They call it studio magic, but the truth is that the best recording studios aren’t Wonka-esque wonderlands of fancy gear, they’re humble churches to the joys of making music.
Roots musician, recording engineer, and well-traveled sideman Ben Winship knows this well. He’s grown his backyard space, The Henhouse in tiny Victor, Idaho, into a renowned recording space centered less on the gear and more on the vibe, the kind of easy relaxed musical space that calls out for new songs and old tunes. It’s also the space where he’s been working on two ambitious albums, each one a separate showcase of his talents and perspectives and both of them full-to-the-rafters with powerful guests and friends. To be released together July 19, 2019, both albums, Toolshed and Acorns, showcase Ben’s songwriting, arranging, and musicianship with a host of artists he’s come to know from years of performing on the road.
Toolshed showcases a full-band sound, forming Americana and country-rock soundscapes and featuring guests like Louisiana legend Ivan Neville, bluegrass legend Joe Newberry, Travis Book of The Infamous Stringdusters, Grammy-winning fingerstyle guitarist Mike Dowling, and Stanton Moore, the drummer for Galactic. Acorns showcases a more organic roots music world based around late-night jam sessions and picking parties, and includes guests like Canadian artists Pharis Romero and Chris Coole, plus Northwest guitarist Forrest Gibson and fiddlers Scotty Meyer and Rayna Gellert. Both albums feature Brittany Haas, Eli West, and Mollie O’Brien, among others.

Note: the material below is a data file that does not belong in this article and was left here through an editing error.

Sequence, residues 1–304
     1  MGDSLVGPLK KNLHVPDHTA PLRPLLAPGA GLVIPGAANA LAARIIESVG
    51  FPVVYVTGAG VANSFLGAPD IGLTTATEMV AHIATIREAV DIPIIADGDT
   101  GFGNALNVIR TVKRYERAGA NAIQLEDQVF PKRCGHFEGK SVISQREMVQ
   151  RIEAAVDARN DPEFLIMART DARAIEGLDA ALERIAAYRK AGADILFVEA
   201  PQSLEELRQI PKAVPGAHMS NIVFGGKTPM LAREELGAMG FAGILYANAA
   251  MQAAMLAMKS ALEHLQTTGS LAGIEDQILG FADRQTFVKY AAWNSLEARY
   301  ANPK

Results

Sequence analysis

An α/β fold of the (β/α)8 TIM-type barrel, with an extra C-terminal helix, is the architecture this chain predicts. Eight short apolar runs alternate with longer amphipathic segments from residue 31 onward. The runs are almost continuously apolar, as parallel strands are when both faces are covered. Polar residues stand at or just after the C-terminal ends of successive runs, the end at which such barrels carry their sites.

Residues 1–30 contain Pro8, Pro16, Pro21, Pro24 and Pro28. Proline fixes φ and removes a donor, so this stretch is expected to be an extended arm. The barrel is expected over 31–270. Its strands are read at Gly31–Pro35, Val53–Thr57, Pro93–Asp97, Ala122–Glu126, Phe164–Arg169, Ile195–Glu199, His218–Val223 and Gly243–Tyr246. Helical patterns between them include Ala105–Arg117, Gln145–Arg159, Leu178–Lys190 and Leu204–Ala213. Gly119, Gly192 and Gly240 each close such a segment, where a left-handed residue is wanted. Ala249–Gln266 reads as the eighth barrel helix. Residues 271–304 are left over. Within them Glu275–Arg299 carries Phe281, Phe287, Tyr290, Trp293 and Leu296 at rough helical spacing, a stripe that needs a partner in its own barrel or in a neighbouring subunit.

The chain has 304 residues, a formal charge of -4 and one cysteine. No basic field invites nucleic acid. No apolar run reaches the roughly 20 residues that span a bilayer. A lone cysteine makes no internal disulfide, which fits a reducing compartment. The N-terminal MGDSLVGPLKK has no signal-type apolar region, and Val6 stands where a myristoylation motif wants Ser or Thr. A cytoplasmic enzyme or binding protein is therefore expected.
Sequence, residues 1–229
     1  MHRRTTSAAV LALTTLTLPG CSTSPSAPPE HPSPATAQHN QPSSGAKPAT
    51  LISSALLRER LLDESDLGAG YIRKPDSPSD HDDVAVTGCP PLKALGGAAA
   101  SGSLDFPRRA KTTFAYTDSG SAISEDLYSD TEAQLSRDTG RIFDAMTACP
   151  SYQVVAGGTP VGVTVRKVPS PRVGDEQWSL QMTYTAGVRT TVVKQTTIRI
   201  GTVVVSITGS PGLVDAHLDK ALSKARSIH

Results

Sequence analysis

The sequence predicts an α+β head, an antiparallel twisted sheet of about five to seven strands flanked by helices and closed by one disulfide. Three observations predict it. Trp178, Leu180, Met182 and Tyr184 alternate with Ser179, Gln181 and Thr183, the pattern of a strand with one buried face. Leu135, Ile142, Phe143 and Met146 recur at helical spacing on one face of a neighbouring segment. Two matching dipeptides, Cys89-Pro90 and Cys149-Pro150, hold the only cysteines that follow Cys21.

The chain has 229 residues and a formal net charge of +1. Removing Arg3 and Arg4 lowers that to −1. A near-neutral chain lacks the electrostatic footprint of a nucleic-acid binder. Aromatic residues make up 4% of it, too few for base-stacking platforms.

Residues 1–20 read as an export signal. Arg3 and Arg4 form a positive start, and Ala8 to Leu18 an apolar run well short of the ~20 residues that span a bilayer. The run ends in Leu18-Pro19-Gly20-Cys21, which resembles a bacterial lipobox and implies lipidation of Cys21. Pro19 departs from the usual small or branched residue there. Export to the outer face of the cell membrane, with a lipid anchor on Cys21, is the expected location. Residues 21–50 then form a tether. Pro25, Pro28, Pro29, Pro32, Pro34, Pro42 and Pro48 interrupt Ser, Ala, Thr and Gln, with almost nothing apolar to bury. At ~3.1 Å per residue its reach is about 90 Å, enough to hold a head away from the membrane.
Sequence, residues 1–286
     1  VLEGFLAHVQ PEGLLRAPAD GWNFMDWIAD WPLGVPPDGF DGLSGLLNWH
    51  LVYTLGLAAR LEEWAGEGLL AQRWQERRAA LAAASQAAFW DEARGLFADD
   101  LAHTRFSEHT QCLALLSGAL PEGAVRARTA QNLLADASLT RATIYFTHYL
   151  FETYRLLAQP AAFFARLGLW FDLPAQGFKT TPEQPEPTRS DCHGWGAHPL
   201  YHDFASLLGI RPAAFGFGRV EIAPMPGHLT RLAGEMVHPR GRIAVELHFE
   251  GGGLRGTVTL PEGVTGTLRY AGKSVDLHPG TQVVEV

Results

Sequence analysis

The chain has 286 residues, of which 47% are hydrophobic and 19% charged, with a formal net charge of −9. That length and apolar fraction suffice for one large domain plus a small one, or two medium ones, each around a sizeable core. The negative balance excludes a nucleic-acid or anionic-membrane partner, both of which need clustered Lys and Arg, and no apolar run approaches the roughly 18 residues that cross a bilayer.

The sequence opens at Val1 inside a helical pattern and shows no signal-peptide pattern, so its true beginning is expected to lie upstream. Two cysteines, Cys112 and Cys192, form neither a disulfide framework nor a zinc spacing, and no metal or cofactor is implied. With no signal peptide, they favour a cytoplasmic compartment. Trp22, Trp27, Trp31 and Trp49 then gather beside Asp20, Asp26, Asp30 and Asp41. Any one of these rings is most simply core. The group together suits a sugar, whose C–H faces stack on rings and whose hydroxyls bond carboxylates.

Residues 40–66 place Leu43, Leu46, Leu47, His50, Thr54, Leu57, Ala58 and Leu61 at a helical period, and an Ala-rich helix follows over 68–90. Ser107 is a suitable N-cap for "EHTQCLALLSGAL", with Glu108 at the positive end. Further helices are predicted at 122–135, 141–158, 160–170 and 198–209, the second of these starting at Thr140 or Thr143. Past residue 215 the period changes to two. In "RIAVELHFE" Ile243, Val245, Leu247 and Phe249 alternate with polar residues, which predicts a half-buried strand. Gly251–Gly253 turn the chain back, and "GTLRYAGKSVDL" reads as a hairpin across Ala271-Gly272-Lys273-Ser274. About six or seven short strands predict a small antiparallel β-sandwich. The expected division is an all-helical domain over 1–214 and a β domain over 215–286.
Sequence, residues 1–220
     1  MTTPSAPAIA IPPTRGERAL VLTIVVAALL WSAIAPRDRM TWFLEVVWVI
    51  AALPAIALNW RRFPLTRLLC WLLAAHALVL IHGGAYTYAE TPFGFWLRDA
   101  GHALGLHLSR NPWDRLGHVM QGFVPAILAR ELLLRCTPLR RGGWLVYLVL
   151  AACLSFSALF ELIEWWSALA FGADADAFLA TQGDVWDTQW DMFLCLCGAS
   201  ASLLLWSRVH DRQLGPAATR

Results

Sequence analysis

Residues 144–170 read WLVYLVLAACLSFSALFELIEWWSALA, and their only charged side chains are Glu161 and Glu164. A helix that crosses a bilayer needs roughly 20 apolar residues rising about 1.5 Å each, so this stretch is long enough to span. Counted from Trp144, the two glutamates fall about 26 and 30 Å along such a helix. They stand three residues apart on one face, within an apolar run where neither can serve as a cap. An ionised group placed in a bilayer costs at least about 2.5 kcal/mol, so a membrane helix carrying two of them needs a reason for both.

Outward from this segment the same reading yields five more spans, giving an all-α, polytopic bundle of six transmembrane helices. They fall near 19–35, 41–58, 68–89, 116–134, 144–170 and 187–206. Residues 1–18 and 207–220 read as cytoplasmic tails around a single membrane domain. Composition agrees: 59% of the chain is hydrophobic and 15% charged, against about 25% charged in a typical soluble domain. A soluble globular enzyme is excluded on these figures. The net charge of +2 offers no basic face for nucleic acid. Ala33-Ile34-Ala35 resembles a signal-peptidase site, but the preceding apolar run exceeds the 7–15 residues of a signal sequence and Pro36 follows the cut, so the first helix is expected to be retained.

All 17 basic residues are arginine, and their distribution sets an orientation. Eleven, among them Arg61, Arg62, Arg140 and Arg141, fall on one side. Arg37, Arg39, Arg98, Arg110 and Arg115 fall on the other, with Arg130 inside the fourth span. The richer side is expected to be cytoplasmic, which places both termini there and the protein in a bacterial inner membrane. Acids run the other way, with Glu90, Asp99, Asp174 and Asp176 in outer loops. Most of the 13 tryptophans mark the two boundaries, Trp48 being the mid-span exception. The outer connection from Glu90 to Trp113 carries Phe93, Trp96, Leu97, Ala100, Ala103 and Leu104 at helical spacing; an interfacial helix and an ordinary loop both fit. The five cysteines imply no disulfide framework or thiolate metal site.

Releasing two albums at once may be a daunting prospect for any artist, but Ben Winship needs this much space. He’s got a much longer musical wingspan than most artists, and easily bears the weight not only of so many stellar guests and all kinds of complex arrangements, but also his own outstanding musicianship and songwriting.
Today, Ghettoblaster has the pleasure of sharing the title track from Toolshed. It features electric guitar from Rich Brotherton of Robert Earl Keen’s band. This is what Winship had to say about it.
“Back before texting, I used to play my mandolin while driving — mostly on long straight roads, steering with my knee. I remember writing this one headed south on I-15 from Butte to Idaho Falls en route to the Targhee Bluegrass Festival. Thrilled to have my college housemate Rich Brotherton shredding on it.”